MD, PhD, FMedSci, FRSB, FRCP, FRCPEd

The common cold is one of the indications for which homeopathy is deemed to be effective… by homeopaths that is! Non-homeopaths are understandably critical about this claim, not least because there is no good evidence for it. But, hold on, there is a new study which might change all this.

This study was recently published in COMPLEMENTARY THERAPIES IN MEDICINE which is supposed to be one of the better journals in this area. According to its authors, it was conducted “to determine if a homeopathic syrup was effective in treating cold symptoms in preschool children.” Children diagnosed with an upper respiratory tract infection were randomized to receive a commercial homeopathic cold syrup containing allium cepa 6X, hepar sulf calc 12X, natrum muriaticum 6X, phosphorous 12X, pulsatilla 6X, sulphur 12X, and hydrastasis 6X or placebo. Parents administered the study medication as needed for 3 days. The primary outcome was change in symptoms one hour after each dose. Parents also assessed the severity of each of the symptoms of runny nose, cough, congestion and sneezing at baseline and twice daily for 3 days, using a 4-point rating scale. A composite cold score was calculated by combining the values for each of the four symptoms. Among 261 eligible participants, data on 957 doses of study medication in 154 children were analyzed. There was no significant difference in improvement one hour after the dose for any symptom between the two groups. Analysis of twice daily data on the severity of cold symptoms compared to baseline values found that improvements in sneezing, cough and the composite cold score were significantly greater at both the first and second assessments among those receiving the cold syrup compared to placebo recipients.

The authors concluded that the homeopathic syrup appeared to be effective in reducing the severity of cold symptoms in the first day after beginning treatment.

Where to start? There are so many problems with this study that I find it difficult to chose the most crucial ones:

  • The study had a clearly defined primary endpoint; it was not affected by the homeopathic treatment which doubtlessly makes the study a negative trial. The only correct conclusion therefore is that THE HOMEOPATHIC SYRUP FAILED TO AFFECT THE PRIMARY OUTCOME MEASURE OF THIS STUDY. THEREFORE THE TRIAL DID NOT PRODUCE ANY EVIDENCE TO ASSUME THAT THE EXPERIMENTAL TREATMENT WAS EFFICACIOUS.
  • I don’t think that many of the primary or secondary outcome measures are validated or reliable.
  • All the positive results reported in the abstract and the article relate to secondary endpoints which are purely explanatory by nature. They should, in my view, not be mentioned in the conclusions at all.
  • The fact that some results turned out to be positive can be explained by the fact that the investigators ran dozens of tests for statistical significance which means that, by simple chance, some will turn out to produce a positive result.
  • A further explanation for the seemingly positive results might be the fact disclosed in the text of the article that the children in the homeopathy group received more conventional drugs than those in the placebo group.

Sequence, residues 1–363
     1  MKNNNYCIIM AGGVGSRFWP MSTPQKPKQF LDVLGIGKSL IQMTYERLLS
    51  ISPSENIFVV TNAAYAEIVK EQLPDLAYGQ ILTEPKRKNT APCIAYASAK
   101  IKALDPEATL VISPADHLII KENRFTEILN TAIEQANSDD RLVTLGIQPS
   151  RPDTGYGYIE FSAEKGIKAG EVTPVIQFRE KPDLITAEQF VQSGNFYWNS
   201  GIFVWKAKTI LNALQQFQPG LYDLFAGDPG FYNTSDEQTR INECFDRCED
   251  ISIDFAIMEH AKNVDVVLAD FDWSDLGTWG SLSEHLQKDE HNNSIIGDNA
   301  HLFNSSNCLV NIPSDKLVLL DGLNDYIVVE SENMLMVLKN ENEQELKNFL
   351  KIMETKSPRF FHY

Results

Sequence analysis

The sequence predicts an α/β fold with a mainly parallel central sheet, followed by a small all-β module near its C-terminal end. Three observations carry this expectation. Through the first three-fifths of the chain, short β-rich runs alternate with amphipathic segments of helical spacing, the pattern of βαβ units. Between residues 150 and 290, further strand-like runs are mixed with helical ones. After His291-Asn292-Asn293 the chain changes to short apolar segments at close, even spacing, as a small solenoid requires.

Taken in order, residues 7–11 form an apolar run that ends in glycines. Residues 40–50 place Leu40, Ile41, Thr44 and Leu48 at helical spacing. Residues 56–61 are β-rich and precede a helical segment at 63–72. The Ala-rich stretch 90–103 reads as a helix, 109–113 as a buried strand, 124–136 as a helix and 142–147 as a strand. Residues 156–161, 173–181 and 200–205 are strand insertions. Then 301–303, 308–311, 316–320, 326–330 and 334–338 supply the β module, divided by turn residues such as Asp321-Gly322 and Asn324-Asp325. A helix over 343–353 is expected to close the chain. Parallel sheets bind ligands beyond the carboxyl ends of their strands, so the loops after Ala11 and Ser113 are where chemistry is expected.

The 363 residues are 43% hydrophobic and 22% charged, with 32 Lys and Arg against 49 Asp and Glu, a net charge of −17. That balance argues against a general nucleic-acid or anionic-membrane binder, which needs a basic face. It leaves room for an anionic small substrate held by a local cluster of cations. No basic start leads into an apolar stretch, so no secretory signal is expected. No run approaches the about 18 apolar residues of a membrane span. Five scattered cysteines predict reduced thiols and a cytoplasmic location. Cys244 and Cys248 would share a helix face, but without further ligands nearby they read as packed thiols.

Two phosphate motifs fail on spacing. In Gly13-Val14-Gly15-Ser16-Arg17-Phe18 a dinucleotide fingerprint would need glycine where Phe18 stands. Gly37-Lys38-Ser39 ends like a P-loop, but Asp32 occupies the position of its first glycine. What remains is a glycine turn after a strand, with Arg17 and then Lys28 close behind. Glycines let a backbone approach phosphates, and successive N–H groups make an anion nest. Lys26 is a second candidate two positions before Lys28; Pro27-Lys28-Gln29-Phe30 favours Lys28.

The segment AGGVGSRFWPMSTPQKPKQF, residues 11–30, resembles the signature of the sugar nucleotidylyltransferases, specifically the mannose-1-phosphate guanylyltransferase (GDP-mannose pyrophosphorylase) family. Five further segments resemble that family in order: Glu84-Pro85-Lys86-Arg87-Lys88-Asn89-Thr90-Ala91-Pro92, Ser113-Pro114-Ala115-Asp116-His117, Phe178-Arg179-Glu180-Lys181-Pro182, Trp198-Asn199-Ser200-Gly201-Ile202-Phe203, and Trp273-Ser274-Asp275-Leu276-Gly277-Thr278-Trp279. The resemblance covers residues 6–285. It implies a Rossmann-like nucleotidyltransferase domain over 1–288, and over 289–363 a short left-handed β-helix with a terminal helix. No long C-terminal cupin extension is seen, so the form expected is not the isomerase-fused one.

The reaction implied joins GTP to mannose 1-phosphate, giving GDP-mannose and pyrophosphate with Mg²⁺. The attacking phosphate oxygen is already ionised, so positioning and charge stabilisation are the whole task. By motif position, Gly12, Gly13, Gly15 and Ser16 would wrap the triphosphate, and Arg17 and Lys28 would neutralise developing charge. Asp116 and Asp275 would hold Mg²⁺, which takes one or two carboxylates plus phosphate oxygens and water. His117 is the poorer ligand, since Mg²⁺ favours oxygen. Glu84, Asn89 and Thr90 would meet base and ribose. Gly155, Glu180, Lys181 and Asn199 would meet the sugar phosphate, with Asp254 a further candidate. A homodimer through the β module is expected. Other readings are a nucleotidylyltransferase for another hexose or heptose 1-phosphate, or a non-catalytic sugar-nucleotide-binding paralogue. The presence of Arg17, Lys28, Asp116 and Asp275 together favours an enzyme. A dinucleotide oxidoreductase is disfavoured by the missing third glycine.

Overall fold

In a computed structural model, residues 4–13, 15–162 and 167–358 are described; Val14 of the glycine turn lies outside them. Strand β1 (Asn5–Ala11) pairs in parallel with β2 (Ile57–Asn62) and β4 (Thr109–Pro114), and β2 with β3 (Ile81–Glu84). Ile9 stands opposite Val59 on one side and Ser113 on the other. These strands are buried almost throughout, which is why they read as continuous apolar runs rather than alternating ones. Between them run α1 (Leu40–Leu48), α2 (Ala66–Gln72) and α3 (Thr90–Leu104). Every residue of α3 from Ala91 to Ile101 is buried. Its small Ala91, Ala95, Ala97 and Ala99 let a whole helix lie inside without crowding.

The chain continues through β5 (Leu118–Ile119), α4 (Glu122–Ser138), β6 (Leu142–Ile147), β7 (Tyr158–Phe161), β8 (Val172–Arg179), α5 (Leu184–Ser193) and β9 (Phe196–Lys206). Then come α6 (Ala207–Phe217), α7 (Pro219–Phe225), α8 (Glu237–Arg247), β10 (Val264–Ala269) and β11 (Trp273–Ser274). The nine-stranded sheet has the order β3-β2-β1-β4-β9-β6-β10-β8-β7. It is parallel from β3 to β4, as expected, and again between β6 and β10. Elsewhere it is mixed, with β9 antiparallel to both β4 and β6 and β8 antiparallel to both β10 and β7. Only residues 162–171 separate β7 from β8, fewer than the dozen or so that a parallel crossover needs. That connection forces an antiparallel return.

• Whatever the reason for these positive results, they certainly had nothing to do with the homeopathic syrup.
  • The study was funded by the company producing the syrup and for which one of the authors was employed as a consultant. This might be an explanation for the abominably poor science. In other words, this paper is not an exercise in testing a hypothesis but one in marketing.

While I might forgive the company for trying to maximise their sales figures, I do find it harder to forgive the authors, reviewers and editors for publishing such overtly false conclusions. In my view, they are all guilty of scientific misconduct.

8 Responses to Homeopathy for the common cold: is this another case of scientific misconduct?

  • “Homeopathy … is this another case of scientific misconduct?”

    Technically no, as it would have to contain science first.

  • In terms of metaphysical semantic sophistry, I agree with Has.

    But I still support Edzard’s assertion, as the claim is for ‘science’.
    And certainly, editors of journals with any scientific pretension should accept their responsibility to be, well, scientific.

  • I actually got a homeopath to admit that the study was flawed! And then she went on with why homeopathy is good for your sniffles anyways… What to do, what to do? I am awaiting her response on my comment that having decided that homeopathy works regardless of study results is a fatal case of bias.

    • I recently read John Diamond’s excellent Snake Oil and Other Preoccupations. (A ‘must read’ for commenters of all persuasions on this blog.) He tells the story of a chiropractor who used applied kinesiology (a ludicrous approach to diagnosis) to distinguish between drops of glucose and fructose solutions placed on a person’s tongue. Ray Hyman, an Emeritus Professor of Psychology, suggested randomly blinding the tubes from which the drops for each person were obtained. Outcome? There were no differences between the applied kinesiology results for glucose and fructose.

      The chiropractor’s reaction: “You see, that’s why we never do double-blind testing any more. It never works!” Just like your homeopath. Some people have minds you can’t change even by bashing them over the head. Come to think of it, that may be part of the explanation.

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